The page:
That's a decision of the Bishops in the USA. Certainly, it is very important, it is a Solemnity. We wear white vestments and pray the Creed and Gloria. The question of making it a Holy Day is left to the bishops of each country. The fact that it's not a Holy Day of Obligation in no way detracts from importance of this Solemnity.
James J Corbett
Why reprint this book "Gift of Black Folk" now. What message does it have for us today?
The book was a watershed moment in black history. The republication coincides with the 100th anniversary of the NAACP - which DuBois helped found - with the 85th anniversary of the original publication of the book, and, as it happens, with the inauguration of America's first African American president. But most important, was the fact that this historic work be returned to publication and be available for scholars and students, and that we recognize that the Knights of Columbus did make an important contribution at a decisive moment in history.
Why is a "profession" of our faith such a key element of the Apostles' Creed? Why must we "profess" it, what does this mean exactly?
It goes to the word, what is faith. Faith is a response to God and to his love for us. It is both a response to the Person of Jesus, and it is a response to the message of Jesus given in and through the Church. The Creed is what I believe, the content of the faith. And it's a surrender to the person of God, in a free human act to believe.
How can we use the Apostles Creed as a Lenten meditation?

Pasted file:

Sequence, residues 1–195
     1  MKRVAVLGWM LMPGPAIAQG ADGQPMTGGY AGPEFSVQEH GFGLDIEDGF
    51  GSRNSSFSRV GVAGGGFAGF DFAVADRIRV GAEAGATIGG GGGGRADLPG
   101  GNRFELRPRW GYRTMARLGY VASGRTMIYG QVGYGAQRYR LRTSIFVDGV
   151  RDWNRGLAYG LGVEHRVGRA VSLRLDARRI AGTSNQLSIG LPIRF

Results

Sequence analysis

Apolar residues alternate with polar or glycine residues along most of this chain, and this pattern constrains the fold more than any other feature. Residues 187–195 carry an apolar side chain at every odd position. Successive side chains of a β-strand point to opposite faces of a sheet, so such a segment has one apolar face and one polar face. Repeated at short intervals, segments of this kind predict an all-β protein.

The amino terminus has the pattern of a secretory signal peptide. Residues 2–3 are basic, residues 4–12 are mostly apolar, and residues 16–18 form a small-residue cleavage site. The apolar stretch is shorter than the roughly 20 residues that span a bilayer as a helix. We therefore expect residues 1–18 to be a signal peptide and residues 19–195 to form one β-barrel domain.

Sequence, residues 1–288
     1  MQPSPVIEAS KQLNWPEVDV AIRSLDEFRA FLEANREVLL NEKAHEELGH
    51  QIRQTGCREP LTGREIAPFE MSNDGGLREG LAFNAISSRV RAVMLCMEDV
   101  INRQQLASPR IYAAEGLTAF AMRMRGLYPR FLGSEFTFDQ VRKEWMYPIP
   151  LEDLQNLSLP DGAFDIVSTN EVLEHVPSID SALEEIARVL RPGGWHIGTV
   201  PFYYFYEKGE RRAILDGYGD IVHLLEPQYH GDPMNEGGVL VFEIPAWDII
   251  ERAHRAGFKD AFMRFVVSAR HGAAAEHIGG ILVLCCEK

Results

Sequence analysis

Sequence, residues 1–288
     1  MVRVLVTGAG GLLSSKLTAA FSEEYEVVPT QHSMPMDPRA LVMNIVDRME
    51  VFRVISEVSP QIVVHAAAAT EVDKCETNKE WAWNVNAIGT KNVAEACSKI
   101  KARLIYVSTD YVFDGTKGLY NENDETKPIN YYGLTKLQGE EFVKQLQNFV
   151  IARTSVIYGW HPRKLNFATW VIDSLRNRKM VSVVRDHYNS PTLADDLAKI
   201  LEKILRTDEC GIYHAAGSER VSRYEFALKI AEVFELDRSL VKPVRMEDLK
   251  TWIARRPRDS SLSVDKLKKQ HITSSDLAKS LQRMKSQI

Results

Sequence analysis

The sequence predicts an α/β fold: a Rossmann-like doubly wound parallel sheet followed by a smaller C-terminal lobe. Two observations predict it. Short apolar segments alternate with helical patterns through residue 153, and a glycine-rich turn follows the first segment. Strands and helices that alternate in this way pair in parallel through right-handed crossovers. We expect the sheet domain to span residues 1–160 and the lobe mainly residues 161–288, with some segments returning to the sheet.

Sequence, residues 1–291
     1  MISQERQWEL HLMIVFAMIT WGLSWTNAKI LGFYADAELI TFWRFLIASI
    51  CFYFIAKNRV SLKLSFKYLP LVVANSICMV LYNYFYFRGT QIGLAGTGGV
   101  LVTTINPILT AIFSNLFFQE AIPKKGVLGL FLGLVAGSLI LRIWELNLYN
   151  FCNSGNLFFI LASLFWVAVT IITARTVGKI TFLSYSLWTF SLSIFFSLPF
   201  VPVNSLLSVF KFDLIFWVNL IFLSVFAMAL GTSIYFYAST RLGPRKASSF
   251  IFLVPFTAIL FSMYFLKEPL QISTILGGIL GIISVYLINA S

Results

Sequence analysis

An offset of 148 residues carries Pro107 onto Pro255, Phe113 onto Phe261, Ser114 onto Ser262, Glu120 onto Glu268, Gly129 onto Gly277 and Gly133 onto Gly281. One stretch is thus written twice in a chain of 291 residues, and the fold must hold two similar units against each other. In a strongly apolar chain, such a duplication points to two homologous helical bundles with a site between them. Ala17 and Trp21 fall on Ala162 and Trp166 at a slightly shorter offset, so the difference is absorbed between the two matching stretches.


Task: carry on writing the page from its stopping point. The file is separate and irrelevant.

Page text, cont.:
The Apostles' Creed is something that hopefully we say each day in our recitation of the rosary. There is a reason it comes at the beginning of the rosary, and that is, that it provides an excellent summary of Christ's life, and of our fundamental beliefs as Catholics. So it is a great prayer to set the tone for meditation on any aspect of the faith.
Well, the beautiful way to do it is go chapter by chapter in the book. Each chapter gives an article of the Creed and has questions at the end, upon which you can meditate on. You could do one chapter a day. You can use this for K of C councils, prayer groups, RCIA, and so on.
For those who had no time to read the book (like me) what is the take-away? Is this just another rehash of the Catechism?
All of us are certainly busy, but a book like this has a unique advantage in that it is very readable and I would recommend that you read it for ten minutes each day and use it as a meditation for the remainder of lent.
I hope that it would reflect a priest's 24 years of pastoral work. Certainly, it is based on the Catechism, also based on JP II and Benedict XVI and Scripture. Hopefully, it reflects my pastoral work and teaching. This book came about as a result of lectures I gave in downtown Washington DC and my suburban parish. The book talks about the Apostles' Creed which is the earliest Roman baptismal creed. It's an attempt to take the Creed, the 12 articles, and break them open pastorally. Pope Benedict referred to the Apostles Creed as an encounter with God.
I read about the Knights fighting the 1098 bill in Connecticut that would have made parishes independent of the bishop. How can people in Hartford be so bold -- how can we help?
Luckily, because of the public outcry, the bill was tabled and the hearing cancelled. The lesson, however, going forward, is that eternal vigilance is the price of liberty, and that a public response is very important on issues like this.
How long has the creed been part of the Mass? How old is this prayer? How is it different from the Nicene creed?
The Apostles' Creed goes back to the 3rd century, and the Nicene Creed goes back to the 4th century. The Apostles' Creed is the original. The Nicene Creed answers some of the heresies of the day. It's more of a clarification of the faith, confronting errors about Christ and the Holy Spirit. It's more embellished, answering the early errors.